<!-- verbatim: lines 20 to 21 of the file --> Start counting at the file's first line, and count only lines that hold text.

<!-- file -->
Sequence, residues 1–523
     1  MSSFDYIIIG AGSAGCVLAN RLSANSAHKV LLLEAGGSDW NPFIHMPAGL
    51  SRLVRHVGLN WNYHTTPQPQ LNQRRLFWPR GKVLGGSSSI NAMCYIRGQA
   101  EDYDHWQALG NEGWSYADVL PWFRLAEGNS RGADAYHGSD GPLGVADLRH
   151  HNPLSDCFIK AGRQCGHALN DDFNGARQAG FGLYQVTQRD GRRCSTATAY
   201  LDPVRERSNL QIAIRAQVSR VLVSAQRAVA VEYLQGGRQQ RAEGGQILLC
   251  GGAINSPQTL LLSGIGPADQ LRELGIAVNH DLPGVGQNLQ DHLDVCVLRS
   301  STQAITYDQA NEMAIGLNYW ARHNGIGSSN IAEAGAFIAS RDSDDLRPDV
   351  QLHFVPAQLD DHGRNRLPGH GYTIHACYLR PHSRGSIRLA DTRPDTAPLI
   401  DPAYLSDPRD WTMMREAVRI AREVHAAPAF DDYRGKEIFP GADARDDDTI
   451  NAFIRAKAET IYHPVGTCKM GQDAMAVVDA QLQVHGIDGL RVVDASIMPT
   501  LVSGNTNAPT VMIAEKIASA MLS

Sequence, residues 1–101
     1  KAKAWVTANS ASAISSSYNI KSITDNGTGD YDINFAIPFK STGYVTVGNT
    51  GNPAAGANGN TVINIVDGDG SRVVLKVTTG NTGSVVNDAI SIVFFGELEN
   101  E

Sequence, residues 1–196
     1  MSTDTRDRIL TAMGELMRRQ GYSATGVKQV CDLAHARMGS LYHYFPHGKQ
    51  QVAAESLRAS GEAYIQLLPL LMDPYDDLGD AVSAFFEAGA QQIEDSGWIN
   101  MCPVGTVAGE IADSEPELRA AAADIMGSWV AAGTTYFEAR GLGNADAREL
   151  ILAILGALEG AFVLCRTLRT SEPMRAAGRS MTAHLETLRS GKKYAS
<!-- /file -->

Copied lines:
   101  MCPVGTVAGE IADSEPELRA AAADIMGSWV AAGTTYFEAR GLGNADAREL
   151  ILAILGALEG AFVLCRTLRT SEPMRAAGRS MTAHLETLRS GKKYAS